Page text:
It's Never Too Late to Reduce Your Health Risks

Reduce Your Health Risks

How often have you had a wellness checkup with your doctor?

Question 2: 

How much do you know about the disease prevention and risk reduction section of the Affordable Care Act passed by Congress in 2010?

Make a Difference in the Rest of Your Life

How important is prevention—and reducing your risk—of serious illness? This question is addressed to you, whether you are 32 or 72, and to your family.

The easy answer is: Very Important.

The honest answer, if you are like many Americans, “Not Too Important Now”—until you or a family member is ill and your doctor suggests that perhaps you or your family member failed to get a vaccination or a screening test, or to change unhealthy habits like smoking or overeating.

And then it may be too late to say “Very Important.” The illness that caused the doctor visit may be a chronic illness such as diabetes or heart disease that developed slowly with very few symptoms, or a serious infection or cancer that might have been prevented.

As you consider how important this is to you, the contents that follow will help you in your decision. This section of the Patient Resource Center is designed to identify the immunizations, the screening tests, and the changes in health habits that can prolong and improve the quality of your life or that of a family member. The focus is on the areas of prevention and risk reduction most valuable to people over 65, but the recommendations are applicable to adults of any age.

Why is the focus on people over 65? Because the Affordable Care Act, passed by Congress in 2010, provides prevention and risk reduction services for all Medicare beneficiaries as of January 1, 2011—free of charge to those beneficiaries. If you are not yet covered by Medicare, you may soon see similar coverage from other health insurers.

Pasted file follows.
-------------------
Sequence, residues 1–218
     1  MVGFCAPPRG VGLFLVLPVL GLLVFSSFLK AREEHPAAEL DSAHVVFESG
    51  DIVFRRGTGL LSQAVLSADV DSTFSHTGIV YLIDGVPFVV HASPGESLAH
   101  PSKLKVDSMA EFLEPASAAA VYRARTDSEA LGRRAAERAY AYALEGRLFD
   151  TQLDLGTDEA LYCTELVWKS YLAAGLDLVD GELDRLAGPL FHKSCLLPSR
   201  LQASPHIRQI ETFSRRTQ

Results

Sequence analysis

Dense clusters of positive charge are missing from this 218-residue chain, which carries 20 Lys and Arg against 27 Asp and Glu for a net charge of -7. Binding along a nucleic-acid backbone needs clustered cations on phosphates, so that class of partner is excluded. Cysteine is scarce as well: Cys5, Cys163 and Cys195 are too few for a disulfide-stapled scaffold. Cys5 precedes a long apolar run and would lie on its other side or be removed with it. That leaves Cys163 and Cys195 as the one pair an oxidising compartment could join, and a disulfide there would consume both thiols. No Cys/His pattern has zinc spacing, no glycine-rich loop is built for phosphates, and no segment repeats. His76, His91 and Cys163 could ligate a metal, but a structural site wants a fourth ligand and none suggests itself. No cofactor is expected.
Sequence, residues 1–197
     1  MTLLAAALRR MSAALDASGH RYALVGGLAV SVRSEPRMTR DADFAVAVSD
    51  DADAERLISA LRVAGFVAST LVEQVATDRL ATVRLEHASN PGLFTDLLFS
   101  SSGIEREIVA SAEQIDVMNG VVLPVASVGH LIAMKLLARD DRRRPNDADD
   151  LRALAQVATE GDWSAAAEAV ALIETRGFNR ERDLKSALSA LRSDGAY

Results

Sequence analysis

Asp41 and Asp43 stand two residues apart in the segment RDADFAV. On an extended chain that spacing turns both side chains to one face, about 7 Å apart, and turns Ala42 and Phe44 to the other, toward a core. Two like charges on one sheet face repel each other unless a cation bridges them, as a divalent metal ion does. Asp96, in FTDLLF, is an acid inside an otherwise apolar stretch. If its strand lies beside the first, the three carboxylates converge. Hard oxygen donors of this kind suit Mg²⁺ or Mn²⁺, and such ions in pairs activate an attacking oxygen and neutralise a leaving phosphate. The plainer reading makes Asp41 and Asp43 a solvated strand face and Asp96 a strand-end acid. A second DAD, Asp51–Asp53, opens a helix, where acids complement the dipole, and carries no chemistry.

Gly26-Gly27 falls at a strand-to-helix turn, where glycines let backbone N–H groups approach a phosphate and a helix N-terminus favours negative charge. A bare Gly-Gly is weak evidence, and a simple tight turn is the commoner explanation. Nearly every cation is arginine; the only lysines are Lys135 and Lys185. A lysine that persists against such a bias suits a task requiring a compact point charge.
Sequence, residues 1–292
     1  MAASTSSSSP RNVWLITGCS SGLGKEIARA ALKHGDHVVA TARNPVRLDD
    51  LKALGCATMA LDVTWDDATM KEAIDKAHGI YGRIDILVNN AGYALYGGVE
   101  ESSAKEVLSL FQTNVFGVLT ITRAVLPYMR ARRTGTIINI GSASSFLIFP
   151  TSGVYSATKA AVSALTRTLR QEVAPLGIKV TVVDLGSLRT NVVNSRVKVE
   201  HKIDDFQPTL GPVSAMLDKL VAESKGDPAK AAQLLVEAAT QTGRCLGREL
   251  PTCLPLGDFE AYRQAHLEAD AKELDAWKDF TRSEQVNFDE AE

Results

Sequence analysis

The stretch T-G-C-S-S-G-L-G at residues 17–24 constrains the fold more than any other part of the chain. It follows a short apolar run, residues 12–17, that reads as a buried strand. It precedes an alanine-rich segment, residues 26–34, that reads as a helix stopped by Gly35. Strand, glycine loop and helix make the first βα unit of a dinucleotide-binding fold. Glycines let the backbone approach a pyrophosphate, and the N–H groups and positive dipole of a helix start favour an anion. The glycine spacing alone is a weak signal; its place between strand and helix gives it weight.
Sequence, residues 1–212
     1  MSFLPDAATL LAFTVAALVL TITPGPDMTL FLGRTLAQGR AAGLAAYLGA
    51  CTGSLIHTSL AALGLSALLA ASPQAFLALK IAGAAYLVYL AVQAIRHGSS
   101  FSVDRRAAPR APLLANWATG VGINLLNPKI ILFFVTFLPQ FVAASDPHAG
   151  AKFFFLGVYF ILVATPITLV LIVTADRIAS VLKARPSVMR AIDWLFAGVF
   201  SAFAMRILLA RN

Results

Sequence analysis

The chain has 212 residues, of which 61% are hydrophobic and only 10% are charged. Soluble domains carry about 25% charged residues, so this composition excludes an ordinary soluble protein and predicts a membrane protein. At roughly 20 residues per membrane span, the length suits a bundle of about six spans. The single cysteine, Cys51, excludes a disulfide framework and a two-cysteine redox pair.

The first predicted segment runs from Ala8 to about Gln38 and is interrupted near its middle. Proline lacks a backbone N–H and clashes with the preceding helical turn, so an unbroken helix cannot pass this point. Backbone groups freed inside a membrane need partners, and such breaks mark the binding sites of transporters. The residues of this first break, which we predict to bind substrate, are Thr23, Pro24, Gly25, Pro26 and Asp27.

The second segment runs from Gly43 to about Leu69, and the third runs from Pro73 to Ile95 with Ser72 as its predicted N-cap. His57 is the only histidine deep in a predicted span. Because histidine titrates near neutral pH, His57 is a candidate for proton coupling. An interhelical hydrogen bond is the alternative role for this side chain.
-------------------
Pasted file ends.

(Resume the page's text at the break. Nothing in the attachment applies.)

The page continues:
What is now completely covered by Medicare?

  • An Annual Wellness Visit (AWV), including Personalized Prevention Plan Services
  • Screening procedures for:
    • Osteoporosis
    • Cervical cancer
    • Lipid disorder (e.g., high cholesterol)
    • Colorectal cancer
    • Diabetes (only in those with high blood pressure)
    • HIV (for people at increased risk or who ask for the test)
    • Breast cancer
    • Alcohol misuse
    • Obesity
    • Depression
  • Immunizations against:
    • Influenza
    • Pneumonia
    • Varicella Zoster
    • Tetanus, diphtheria, and pertussis (Tdap)
  • Counseling for:
    • Aspirin use
    • Smoking cessation or prevention
    • Alcohol misuse
    • Obesity

What is included in an initial Annual Wellness Visit?
The initial Annual Wellness Visit covered completely by Medicare for persons 65 and over provides a detailed list of services. Most of these are services that any adult should have regularly. In a more traditional history and physical exam, your doctor may include additional tests or examinations. The purpose of the Annual Wellness Visit is to specifically identify major areas of health risk and help you set up appropriate follow-up care. Here is what is covered:

  • Your medical and family history
  • Establishment of a list of current doctors and other suppliers that regularly provide your medical care
  • Measurement of your height, weight, Body Mass Index (or waist circumference, if appropriate), blood pressure, and other routine measurements as deemed appropriate, based on your medical/family history